Government drugs adviser quits over mephedrone criminalisation

A GOVERNMENT adviser has today quit over the decision to criminalise mephedrone.

Eric Carlin became the latest member of the Advisory Council on the Misuse of Drugs (ACMD) to resign, in what he said was a protest in the way mephedrone had been criminalised.

He said the decision taken earlier this week was "unduly based on media and political pressure".

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Mr Carlin, 47, is the latest member of the ACMD to resign following the sacking of former chairman Professor David Nutt.

He said he had grown disillusioned with the ACMD's "lack of interest" in prevention and early intervention with young people.

Earlier this week Home Secretary Alan Johnson announced the dance drug mephedrone would be banned within weeks.

The legal high, linked to up to 25 deaths in England and Scotland, will be banned and made a Class B drug.

Mr Carlin, speaking from Brussels, said he believed the decision to rush through the ban had been politically motivated in order for the Government to look tough prior to the election.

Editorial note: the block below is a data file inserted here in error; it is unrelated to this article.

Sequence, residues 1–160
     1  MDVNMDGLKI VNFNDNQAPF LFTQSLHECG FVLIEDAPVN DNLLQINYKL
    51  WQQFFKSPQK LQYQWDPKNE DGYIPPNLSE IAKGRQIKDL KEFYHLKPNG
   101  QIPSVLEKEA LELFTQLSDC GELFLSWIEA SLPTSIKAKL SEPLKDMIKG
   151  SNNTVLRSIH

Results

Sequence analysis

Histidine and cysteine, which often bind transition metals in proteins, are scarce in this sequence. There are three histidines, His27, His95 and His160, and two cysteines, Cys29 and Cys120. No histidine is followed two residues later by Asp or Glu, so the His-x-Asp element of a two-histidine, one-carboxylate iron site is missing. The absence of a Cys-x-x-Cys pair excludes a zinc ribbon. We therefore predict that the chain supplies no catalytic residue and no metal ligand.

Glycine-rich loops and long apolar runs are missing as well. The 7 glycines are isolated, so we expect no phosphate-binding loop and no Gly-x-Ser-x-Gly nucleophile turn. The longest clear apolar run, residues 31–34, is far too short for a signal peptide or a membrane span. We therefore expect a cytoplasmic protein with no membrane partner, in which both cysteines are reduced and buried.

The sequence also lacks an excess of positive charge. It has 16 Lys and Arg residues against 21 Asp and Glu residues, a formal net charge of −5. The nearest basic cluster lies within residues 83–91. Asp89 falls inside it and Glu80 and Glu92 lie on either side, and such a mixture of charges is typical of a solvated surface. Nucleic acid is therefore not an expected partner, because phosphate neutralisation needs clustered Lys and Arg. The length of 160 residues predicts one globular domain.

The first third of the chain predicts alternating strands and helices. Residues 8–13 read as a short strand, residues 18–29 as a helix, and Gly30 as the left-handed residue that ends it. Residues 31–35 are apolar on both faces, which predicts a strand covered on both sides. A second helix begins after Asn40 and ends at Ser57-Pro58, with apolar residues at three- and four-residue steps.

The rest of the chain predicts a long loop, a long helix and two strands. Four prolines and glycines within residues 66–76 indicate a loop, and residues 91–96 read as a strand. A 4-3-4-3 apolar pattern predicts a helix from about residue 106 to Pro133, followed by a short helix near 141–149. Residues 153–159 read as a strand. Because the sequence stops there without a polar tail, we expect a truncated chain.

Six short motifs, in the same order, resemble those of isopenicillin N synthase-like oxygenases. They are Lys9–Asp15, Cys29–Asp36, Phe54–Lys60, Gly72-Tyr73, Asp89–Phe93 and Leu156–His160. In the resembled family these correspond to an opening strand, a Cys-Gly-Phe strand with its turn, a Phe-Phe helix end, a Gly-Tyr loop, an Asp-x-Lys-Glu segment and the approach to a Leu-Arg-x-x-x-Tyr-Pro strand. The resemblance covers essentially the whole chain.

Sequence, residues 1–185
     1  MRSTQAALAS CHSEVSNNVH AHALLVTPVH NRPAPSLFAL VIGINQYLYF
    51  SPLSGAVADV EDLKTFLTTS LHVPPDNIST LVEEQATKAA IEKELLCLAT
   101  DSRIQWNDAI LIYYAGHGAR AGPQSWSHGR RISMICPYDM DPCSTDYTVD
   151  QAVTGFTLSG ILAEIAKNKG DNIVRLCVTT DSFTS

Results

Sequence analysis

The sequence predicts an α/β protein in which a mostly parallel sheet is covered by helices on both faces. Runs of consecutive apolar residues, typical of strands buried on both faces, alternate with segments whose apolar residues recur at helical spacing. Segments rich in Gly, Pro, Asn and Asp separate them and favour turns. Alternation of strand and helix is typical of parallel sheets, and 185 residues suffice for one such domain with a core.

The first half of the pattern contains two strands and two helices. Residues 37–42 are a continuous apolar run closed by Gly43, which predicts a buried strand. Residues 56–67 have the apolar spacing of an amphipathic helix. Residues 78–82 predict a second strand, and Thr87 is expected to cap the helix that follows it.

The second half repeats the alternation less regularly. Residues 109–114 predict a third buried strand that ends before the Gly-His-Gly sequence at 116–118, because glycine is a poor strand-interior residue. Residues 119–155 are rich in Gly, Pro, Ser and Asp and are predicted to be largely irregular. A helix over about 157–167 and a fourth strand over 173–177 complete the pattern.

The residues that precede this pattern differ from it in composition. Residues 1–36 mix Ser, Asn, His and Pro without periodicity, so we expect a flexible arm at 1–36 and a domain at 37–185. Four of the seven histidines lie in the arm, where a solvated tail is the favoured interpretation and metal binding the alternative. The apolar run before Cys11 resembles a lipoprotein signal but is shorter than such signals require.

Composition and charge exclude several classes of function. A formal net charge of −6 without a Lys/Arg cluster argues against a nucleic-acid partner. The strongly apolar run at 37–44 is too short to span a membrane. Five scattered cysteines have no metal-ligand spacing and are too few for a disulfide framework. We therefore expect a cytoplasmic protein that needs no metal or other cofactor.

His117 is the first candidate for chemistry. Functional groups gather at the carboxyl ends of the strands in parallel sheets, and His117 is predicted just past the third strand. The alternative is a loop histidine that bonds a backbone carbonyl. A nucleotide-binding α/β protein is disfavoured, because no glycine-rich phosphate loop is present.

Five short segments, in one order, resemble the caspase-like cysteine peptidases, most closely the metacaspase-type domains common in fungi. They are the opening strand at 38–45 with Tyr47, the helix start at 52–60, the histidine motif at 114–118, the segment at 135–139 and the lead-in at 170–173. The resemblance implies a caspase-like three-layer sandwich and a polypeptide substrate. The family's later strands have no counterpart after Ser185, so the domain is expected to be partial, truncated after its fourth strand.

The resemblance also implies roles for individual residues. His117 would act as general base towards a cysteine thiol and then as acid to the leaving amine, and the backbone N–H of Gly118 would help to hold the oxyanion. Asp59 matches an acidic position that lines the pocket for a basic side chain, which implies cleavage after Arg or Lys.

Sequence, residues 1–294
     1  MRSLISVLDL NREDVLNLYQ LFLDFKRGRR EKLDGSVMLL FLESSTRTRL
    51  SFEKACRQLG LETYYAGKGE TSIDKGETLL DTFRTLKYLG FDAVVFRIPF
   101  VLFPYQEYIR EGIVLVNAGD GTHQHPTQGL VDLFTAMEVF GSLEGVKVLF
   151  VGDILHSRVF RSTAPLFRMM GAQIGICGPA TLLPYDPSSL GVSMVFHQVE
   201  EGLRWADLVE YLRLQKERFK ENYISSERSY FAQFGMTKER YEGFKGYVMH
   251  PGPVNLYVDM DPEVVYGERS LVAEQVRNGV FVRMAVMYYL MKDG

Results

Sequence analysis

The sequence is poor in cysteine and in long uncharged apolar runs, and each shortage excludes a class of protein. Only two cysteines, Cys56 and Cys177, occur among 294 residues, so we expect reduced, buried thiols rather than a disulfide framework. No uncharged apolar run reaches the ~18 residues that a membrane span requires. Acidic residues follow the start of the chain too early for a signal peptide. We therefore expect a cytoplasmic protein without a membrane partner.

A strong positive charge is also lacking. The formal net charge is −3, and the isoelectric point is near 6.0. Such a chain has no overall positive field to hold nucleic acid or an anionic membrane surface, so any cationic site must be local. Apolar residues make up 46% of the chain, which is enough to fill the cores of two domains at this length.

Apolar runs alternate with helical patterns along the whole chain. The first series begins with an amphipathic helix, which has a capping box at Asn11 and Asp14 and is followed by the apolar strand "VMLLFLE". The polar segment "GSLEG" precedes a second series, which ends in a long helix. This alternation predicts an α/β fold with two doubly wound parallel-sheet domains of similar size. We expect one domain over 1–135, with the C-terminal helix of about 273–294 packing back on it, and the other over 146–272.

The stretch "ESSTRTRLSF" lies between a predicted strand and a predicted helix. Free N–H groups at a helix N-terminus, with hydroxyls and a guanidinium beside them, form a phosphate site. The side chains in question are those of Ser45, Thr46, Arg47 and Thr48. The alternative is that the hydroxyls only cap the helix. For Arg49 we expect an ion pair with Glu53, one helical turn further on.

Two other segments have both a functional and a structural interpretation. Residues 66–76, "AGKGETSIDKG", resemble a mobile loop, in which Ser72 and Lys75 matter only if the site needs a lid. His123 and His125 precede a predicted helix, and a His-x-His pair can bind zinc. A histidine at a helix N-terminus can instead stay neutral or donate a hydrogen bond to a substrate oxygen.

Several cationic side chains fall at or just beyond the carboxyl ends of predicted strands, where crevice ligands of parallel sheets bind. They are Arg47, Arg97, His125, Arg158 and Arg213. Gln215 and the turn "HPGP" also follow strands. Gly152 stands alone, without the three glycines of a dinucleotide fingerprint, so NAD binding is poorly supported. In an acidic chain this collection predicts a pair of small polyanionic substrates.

He tendered his letter of resignation to the Home Secretary yesterday.

It reads: "We had little or no discussion about how our recommendation to classify this drug would be likely to impact on young people's behaviour.

"Our decision was unduly based on media and political pressure."

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He added: "As well as being extremely unhappy with how the ACMD operates, I am not prepared to continue to be part of a body which, as its main activity, works to facilitate the potential criminalisation of increasing numbers of young people."

Danny Kushlick, director of the Transform Drug Policy Foundation said: "This latest resignation is because Carlin recognises that criminalisation causes harm for young people in direct contradiction to the Government's stated intention."

Mr Carlin said far more consideration and debate has been needed into how young people use the drug.

He explained: "We've not properly considered it, not assessed how young people use it."

Prof Nutt was sacked last year after saying ecstasy was less harmful than alcohol.

Earlier this week, Dr Polly Taylor a long-standing member of the ACMD, quit just hours before Mr Johnson's mephedrone announcement.

A spokesman for the ACMD said: "We can confirm that Mr Carlin has tendered his resignation to the Advisory Council on the Misuse of Drugs."

A Home Office spokesman added that the ACMD would still continue its work.